Lenten Devotional

March 30, 2018

All Day

Category: Adult Education

John 19:38-42


We know that Good Friday is good because we have the advantage of hindsight. What a gift that is. Joseph of Arimathea and Nicodemus had no way of knowing what was to come. They may have been present when Jesus was teaching about his resurrection and the plans of God, but even the closest disciples struggled to understand Good Friday and its meaning. How could they know? It seems safe to assume this deed recorded in John 19 was from the goodness of their hearts, or maybe they felt guilt, maybe they were ashamed.

Am I too cynical? It is difficult for me to believe that two men who were wealthy and powerful–they provided a tomb, bought expensive oils and treatments–did this only for the good of Jesus, a now deceased prophet.

We learn in verse 38 that Joseph feared the Jewish leaders and in John 3 we see that Nicodemus failed to understand the elementary teachings of Christ. They may have admired Jesus, desired to know him more, and with everything inside of them wanted to commit to Jesus’ commands, but they never did, at least not fully. But isn’t complete commitment exactly what Jesus called for? Some have said this deed was heroic and they were no longer hiding in the shadows anymore, that they should be praised. Yet they went to Pilate for the body after dark, nowhere in the Gospels does it say these two men wanted to proclaim their faith. Were they feeling guilty or ashamed with their lack of action to intervene in the death of an innocent man? Some may argue the financial gift showed great belief and faith; is a financial gift or monetary commitment evidence of saving faith? Maybe they were guilty and ashamed, or maybe they finally decided to stand for their faith. We cannot know for certain.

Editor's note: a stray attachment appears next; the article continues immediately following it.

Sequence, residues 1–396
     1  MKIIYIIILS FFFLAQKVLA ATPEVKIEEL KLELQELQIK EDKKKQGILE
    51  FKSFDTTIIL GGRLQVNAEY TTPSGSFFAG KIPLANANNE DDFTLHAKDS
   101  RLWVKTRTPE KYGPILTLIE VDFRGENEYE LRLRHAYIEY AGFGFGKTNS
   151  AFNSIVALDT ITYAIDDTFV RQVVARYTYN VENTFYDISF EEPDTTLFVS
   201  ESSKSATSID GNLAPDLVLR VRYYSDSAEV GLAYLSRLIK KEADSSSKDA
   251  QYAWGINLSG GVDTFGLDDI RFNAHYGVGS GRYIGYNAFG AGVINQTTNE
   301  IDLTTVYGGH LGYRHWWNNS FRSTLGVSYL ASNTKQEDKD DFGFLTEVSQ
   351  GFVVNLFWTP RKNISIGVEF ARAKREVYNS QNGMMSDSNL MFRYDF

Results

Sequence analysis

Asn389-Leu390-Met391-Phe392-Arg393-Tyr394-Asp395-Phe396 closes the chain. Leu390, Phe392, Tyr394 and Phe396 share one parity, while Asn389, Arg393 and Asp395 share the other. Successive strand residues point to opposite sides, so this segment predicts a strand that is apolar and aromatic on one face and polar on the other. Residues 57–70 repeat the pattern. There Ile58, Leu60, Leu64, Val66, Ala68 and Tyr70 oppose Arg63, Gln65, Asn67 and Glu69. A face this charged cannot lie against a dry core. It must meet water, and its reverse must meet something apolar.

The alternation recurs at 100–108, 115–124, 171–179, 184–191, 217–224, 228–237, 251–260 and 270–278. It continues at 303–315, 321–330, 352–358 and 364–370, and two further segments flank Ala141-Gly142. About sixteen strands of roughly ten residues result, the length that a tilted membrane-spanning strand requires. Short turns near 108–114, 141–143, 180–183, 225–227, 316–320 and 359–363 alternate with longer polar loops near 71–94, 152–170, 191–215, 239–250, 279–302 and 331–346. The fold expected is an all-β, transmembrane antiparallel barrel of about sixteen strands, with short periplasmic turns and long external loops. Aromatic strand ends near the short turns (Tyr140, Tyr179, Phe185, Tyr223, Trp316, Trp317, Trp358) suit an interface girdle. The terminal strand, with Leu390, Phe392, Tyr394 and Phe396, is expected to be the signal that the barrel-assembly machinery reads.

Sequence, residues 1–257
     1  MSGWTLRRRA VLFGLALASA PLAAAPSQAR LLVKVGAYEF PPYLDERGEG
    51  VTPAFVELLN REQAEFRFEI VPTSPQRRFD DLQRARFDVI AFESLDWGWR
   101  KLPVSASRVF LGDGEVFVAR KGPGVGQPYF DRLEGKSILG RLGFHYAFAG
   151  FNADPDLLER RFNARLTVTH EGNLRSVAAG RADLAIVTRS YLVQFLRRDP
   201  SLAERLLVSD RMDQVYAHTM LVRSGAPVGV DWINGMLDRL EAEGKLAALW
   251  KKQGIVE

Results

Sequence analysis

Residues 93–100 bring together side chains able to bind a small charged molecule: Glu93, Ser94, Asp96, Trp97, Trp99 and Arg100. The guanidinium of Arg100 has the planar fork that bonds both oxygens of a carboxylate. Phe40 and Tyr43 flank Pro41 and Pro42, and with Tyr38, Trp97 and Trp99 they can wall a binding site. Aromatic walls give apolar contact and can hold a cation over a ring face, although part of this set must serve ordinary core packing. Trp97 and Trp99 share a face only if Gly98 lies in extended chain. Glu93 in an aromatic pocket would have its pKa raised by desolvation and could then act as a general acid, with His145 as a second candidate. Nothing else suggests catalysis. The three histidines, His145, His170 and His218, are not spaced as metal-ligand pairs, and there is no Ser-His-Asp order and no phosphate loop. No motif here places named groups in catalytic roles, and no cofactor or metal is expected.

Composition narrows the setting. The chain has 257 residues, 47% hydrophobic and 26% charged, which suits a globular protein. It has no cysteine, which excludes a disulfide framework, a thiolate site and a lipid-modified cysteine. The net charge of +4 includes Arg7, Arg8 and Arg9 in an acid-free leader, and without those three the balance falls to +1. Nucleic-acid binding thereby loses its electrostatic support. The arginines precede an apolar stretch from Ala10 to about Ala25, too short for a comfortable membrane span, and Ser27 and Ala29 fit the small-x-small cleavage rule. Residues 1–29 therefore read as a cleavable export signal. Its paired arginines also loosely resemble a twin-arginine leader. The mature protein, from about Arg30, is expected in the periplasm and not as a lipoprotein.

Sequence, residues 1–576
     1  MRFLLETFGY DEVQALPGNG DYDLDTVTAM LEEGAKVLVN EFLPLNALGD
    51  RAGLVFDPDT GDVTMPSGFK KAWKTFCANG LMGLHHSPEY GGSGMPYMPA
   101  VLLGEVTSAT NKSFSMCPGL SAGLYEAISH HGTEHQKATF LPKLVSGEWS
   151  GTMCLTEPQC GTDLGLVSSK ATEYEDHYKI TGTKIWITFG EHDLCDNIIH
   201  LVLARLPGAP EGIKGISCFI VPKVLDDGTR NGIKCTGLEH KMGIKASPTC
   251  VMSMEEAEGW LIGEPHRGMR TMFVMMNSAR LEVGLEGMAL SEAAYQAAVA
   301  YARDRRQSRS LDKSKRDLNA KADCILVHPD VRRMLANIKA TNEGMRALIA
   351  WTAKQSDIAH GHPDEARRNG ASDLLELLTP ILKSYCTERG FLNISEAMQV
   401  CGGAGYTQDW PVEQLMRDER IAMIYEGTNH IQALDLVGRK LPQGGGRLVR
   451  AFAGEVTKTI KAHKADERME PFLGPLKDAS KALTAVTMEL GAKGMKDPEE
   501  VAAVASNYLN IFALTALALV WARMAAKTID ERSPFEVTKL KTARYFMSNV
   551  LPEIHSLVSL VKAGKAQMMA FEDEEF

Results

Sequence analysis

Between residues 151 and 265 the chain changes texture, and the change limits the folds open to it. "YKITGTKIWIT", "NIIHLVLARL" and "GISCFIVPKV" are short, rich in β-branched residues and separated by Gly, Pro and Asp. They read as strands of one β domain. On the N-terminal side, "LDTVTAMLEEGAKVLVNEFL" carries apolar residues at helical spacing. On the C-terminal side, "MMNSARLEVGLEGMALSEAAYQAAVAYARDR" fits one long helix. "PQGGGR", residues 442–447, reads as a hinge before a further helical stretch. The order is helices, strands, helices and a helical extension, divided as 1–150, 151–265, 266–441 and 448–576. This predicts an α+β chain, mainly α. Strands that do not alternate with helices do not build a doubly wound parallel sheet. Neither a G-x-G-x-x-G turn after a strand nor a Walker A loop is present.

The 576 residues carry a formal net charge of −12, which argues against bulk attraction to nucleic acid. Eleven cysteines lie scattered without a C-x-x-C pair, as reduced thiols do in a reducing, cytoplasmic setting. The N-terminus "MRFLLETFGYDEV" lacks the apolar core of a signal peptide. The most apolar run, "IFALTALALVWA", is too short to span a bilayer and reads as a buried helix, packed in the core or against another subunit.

While this may seem pessimistic, allow me to bring encouragement on this Good Friday. We have all failed to proclaim Christ at different times in life. We have all been fearful. Sometimes it may have even felt it was too late to repent, or potentially beyond forgiveness. Yet here we are on Good Friday. Jesus has died. Jesus has given himself freely for the very forgiveness we all desire and rely upon. How do you respond to that gift?

Whether you have put your life on the line for Christ, or you have stayed in the background for fear of what others may think, what is your response to Christ giving his life for the forgiveness of your sins? Be not ashamed. We all must respond. Christ awaits your response, even now. Nicodemus and Joseph responded. Whether they acted or were prompted by guilt or faith, we cannot know for certain. Still, they decided to do something. What will you do?

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